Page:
Gene: So, I'm actually self taught. My original field of studies actually was architecture, civil engineering, mechanical engineering, but I think it goes without saying, the mentality of the engineer doesn't really change. So for me, again, it goes back to having the right mentorship and being curious. And I think it's also a type of personality you have. Well, I think it's with any business in being able to adapt. Now, nowadays being in an operator now running a company it's a different kind of learning curve. Again, it goes back to now I have more, obviously I'm reading constantly, listening to podcasts like yours and just absorbing a lot of information. But really for me now is how do I apply all of this knowledge and also again, going back to having the right mentors.
Chris: Okay, was there any sort of crossover specifically between being a security architect in terms of designing a security system and being an actual architect? Were there certain structural issues or things that you can apply one way or the other?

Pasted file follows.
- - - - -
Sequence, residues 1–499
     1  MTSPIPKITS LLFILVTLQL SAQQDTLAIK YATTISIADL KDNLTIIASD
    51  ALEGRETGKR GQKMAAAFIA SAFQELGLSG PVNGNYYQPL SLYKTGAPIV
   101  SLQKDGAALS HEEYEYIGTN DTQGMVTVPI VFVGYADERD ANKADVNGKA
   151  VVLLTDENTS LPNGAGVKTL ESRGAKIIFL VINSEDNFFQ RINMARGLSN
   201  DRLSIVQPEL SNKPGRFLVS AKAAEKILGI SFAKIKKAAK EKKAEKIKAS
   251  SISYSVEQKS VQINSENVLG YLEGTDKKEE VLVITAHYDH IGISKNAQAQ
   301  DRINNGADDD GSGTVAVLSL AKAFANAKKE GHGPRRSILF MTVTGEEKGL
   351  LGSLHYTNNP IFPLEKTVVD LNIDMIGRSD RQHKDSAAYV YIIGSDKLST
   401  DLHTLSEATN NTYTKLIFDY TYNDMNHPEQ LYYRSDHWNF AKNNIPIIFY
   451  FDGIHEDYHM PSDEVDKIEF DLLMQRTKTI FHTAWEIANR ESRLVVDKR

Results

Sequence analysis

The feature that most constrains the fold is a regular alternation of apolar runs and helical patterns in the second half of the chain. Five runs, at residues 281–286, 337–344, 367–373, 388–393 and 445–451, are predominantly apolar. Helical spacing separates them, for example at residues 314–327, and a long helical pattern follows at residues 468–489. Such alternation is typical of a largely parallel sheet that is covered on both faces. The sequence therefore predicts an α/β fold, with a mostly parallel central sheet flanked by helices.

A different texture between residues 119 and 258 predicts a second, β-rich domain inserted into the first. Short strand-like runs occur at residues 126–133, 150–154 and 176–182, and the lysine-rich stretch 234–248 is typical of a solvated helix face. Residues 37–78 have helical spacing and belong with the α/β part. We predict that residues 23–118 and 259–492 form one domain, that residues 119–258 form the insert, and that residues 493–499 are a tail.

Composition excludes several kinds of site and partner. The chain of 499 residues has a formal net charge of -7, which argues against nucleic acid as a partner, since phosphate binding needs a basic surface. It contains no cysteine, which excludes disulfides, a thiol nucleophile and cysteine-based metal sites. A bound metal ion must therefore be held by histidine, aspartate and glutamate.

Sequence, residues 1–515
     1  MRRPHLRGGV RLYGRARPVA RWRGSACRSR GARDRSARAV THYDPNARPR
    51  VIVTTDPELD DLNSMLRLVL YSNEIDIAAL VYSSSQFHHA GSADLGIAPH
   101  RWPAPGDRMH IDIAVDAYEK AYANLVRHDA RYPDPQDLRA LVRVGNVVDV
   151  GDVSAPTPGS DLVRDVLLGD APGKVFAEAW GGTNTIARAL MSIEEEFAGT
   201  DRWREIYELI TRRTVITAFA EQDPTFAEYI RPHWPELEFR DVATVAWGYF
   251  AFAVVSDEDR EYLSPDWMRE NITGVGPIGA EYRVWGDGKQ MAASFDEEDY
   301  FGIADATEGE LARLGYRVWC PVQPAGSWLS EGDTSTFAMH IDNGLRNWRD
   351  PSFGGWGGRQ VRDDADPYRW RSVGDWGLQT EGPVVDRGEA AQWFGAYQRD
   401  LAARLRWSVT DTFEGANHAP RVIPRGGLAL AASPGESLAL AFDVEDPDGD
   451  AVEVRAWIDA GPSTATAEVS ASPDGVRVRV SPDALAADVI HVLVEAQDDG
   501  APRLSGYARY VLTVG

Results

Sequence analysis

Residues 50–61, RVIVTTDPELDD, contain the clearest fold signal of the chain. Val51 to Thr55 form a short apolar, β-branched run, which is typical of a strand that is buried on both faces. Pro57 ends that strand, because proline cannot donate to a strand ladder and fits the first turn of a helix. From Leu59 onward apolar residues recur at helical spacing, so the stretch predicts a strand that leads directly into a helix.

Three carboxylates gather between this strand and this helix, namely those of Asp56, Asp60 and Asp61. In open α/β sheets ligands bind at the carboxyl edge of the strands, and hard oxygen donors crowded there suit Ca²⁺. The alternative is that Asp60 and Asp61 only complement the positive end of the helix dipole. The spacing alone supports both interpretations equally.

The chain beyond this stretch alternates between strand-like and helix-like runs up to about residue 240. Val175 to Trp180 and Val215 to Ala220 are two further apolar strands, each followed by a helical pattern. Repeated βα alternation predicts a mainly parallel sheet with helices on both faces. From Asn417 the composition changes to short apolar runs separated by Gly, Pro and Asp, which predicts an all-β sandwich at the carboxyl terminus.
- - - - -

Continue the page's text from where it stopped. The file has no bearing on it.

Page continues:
Gene: Absolutely, you don't want the building to fall down and it's like everything I always tell people. It's like you're building a fence or you're building a wall or you're building a castle. The schematics in how you approach and schematics as to how you execute doesn't really change fundamentally the laws of gravity and everything else is really the same. Now, the only difference is that I know how to build a castle. I know how to make sure it's safe, but I have to be able to know what's outside the horizon and having the right watch tower to be able to see what's going on because that's the reality of what we're dealing with now.
Chris: Okay so yeah, there's a lot of guard towers basically.
Chris: Yeah, yeah, so, because some of our viewers are just starting in cybersecurity or are even just considering jumping in for the first time, could you walk me through your day to day work as a senior level cybersecurity director? What types of jobs and responsibilities are part of your daily workday? And what time does your day start? And do you ever get to clock out or are you on call forever?
Gene: Well, good Lord that's a lot.